Farmer set up prison accident, court hears
A farmer facing a murder charge allegedly set up a prison accident in a suspected attempt to get external medical treatment and possibly flee, the High Court has heard.
Prosecutors claimed Jimmy Seales “manufactured” an incident where two other inmates crushed his hands with a drain cover.
Seales (54) from Ballykeel Road, Hillsborough, is accused of the shotgun murder of Philip Strickland in January this year.
Mr Strickland (36) was shot in the head and leg in his car near Comber, Co Down.
Seales, who is also charged with possession of a firearm and making threats to kill, was himself allegedly kidnapped and subjected to a vicious assault months before the killing. His lawyers argue the injuries inflicted in that beating mean he was incapable of firing the murder weapon.
A new application for bail was opposed because of fears he may flee Northern Ireland if released from custody.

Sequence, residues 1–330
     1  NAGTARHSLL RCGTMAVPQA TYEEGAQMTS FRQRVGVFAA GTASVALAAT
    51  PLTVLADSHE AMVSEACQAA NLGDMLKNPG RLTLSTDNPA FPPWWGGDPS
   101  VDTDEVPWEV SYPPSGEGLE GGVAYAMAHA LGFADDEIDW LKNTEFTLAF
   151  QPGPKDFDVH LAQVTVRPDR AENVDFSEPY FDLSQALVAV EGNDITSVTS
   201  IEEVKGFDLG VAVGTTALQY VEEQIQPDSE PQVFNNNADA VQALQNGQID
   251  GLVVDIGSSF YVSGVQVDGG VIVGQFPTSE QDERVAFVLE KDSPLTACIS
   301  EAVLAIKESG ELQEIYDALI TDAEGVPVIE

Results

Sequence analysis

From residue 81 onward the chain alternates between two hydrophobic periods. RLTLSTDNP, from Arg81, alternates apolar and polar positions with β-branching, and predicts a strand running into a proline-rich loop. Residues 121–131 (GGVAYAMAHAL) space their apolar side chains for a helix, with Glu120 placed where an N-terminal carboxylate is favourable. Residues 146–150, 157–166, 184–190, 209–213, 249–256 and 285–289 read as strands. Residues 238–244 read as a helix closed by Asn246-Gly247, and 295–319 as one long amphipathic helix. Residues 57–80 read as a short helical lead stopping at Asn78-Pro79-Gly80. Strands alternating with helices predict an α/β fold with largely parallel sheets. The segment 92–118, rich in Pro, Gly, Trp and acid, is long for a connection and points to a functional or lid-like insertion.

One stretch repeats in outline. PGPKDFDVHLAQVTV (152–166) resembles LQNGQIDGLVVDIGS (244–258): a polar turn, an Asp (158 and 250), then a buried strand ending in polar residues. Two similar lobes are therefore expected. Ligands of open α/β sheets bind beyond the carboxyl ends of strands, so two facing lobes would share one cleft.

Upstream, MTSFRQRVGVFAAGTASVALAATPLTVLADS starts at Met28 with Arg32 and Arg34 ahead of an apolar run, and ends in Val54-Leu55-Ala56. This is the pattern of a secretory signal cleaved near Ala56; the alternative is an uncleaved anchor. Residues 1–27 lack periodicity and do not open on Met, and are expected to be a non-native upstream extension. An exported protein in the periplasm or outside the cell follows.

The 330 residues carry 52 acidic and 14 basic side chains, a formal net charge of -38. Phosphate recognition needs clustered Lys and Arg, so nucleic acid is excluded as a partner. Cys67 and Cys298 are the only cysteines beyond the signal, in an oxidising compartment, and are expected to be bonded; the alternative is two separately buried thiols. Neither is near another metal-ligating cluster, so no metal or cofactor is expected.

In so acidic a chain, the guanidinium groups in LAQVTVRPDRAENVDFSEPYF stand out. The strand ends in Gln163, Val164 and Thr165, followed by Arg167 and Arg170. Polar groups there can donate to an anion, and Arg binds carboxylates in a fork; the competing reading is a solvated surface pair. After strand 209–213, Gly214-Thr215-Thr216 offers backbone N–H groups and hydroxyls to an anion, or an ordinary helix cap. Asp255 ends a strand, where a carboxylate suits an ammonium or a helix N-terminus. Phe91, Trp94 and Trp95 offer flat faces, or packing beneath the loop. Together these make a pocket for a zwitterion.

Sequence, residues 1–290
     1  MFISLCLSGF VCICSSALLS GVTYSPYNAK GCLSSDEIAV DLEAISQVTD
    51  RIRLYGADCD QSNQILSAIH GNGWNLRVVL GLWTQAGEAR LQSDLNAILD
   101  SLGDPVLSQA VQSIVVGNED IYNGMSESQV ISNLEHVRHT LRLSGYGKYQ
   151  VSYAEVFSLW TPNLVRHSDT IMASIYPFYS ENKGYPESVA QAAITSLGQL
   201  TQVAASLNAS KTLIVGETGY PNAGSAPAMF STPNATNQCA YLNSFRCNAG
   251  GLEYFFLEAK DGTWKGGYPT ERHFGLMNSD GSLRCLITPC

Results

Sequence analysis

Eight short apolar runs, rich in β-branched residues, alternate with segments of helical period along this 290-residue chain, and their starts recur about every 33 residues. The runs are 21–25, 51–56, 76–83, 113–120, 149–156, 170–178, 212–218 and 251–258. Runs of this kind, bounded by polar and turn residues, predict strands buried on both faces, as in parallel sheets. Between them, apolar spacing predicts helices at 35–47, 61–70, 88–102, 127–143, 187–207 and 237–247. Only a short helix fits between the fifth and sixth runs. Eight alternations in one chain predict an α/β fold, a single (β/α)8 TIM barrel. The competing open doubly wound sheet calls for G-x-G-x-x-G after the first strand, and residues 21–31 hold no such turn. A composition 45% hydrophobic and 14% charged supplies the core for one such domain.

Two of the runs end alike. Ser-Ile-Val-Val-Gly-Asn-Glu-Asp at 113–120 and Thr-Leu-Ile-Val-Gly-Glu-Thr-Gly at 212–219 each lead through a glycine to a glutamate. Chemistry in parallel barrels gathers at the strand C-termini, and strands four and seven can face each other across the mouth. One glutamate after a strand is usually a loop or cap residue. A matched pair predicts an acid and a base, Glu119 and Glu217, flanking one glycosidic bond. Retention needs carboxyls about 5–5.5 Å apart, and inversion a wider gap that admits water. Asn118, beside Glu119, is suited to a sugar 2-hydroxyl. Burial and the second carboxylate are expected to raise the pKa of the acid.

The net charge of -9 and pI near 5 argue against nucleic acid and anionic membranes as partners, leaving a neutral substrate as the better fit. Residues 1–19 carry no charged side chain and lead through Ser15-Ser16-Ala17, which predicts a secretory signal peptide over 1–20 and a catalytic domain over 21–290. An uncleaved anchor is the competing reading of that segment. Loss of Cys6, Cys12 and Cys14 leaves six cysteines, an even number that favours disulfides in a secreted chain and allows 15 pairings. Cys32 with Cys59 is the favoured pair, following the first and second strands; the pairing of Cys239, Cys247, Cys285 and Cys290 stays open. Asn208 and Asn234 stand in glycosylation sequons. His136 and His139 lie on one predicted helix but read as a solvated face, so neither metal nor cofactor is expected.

The court was told he has access to £5m in cash after completing a land sale.
Kate McKay, prosecuting, also disclosed police suspicions over fresh injuries suffered by Seales in custody.
She said there was CCTV footage showing him kicking a piece of paper into a drain then lifting the cover and putting his hands inside before two men slam it down in a crushing action.
“To put himself through that pain shows how desperate he is to try to get out,” Mrs McKay claimed.
Defence counsel Ian Turkington claimed the case against his client was weak and flawed.
He attacked the credibility of a key eye-witness and argued Seales should be released due to delays in obtaining forensic results.
Mr Turkington also rejected claims that the accused may flee, pointing out that all his business interests, property and farm land is in Northern Ireland.
Bail was refused on the basis that delays over forensics was not yet sufficient to compel release. However, Lord Justice Coghlin ordered a further review of the case in October.
“By that stage, a significant delay will have been solely attributed to the state's |failure to provide adequate resources to the forensic science laboratory.
“That may well permit a different view at that time,” he said.